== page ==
Kid Friendly

imagesFollowing up my last post about how many art museums make it hard for parents with small children to visit, with some thoughts about an arts experience that I participated in over the weekend that provides access to families in a very broad-minded way.

While art museums aren’t necessarily the place to bring toddlers, it seems community orchestra concerts are!

I performed as an oboist with the Mill Valley Philharmonic this weekend in a series of concerts featuring music by Beethoven, Barber and J S Bach. It was great to see families in the audience at the performances — and it was especially gratifying that there were so many children from babes in arms to kindergartners to elementary, middle and high school students.

Here are the factors that make the attendance of children at such concerts a no-brainer for their parents:

  • The concerts my orchestra gives are free.
  • The performances happen at assorted times of the day across the span of a weekend, e.g. 2pm, 4pm and 8pm, making it possible to accommodate meals and bedtimes.
  • Audience members are free to move about the space. People come in and out as needed with their squirming infants without causing a scandal.
  • Many musicians hang about during the intermission and after the program so children and their parents can go and talk to them about their instruments.

These are small details. But they’re important ones. The kid-friendliness of the concerts that The Mill Valley Philharmonic puts on is one of the reasons why it’s so great that high-level community orchestras exist. The musical programs aren’t specifically oriented towards families. But they work on that level beautifully anyway.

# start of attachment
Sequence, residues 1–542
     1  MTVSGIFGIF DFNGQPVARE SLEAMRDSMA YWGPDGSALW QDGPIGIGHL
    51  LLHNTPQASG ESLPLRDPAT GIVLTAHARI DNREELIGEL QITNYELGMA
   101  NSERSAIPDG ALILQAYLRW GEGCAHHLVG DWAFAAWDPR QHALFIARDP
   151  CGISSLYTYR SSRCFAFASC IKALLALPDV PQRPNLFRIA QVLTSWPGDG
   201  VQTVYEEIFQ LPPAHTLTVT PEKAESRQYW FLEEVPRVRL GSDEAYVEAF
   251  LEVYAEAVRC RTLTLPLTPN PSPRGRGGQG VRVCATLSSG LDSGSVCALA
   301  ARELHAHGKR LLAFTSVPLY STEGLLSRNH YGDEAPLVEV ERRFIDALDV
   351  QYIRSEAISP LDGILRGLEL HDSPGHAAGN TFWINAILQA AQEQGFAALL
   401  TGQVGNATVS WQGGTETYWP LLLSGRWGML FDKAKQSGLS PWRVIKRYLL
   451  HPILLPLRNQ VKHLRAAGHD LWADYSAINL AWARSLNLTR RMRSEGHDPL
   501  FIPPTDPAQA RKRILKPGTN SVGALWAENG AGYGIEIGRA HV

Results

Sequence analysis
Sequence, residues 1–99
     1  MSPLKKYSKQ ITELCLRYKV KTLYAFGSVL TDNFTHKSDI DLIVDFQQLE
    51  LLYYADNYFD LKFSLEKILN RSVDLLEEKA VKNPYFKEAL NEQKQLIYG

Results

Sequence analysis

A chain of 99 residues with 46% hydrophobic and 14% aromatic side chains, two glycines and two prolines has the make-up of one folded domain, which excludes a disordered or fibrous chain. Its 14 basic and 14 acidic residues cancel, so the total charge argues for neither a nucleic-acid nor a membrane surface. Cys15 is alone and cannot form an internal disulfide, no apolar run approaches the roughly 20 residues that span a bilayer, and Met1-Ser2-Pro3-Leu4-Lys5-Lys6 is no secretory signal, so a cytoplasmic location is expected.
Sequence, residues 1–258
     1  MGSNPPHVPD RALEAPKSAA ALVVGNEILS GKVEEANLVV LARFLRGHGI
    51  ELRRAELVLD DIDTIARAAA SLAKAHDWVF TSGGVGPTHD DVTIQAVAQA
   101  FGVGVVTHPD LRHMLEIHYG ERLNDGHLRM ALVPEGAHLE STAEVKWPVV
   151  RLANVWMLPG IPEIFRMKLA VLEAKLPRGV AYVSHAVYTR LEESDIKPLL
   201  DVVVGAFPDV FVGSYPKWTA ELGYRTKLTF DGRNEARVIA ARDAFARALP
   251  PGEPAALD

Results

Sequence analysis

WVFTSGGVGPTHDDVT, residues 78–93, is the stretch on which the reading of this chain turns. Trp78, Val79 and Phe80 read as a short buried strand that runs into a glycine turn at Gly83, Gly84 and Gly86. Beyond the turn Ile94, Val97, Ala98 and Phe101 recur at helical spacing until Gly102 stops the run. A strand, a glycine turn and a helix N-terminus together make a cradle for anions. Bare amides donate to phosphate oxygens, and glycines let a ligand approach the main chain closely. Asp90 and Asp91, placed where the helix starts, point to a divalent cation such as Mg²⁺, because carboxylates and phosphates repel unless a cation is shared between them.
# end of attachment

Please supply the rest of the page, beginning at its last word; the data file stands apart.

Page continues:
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  1. says

    I am a big fan of instrument petting zoos. They do a lot to inculcate the love of music in small children. And a secondary benefit is the demystification of orchestral instruments for adults as well. They learn more than they might let on.
    As to your post about the DeYoung, I was stunned. Anyone with children knows a stroller is the safest place for them and whatever environment they’re in. Makes no sense. If their concern are the new mega-strollers, they might provide a handful of collapsible umbrella strollers for the duration of the visit.
    I have seen some very creative ways in which spaces are made EITHER child-friendly OR young parent friendly. Partnerships with drop-in daycares, artsy playrooms “on site” with a 2 hour maximum, etc. If the new move is to make cultural spaces COMMUNITY spaces, then there must be a welcome sign, with accommodations, for all.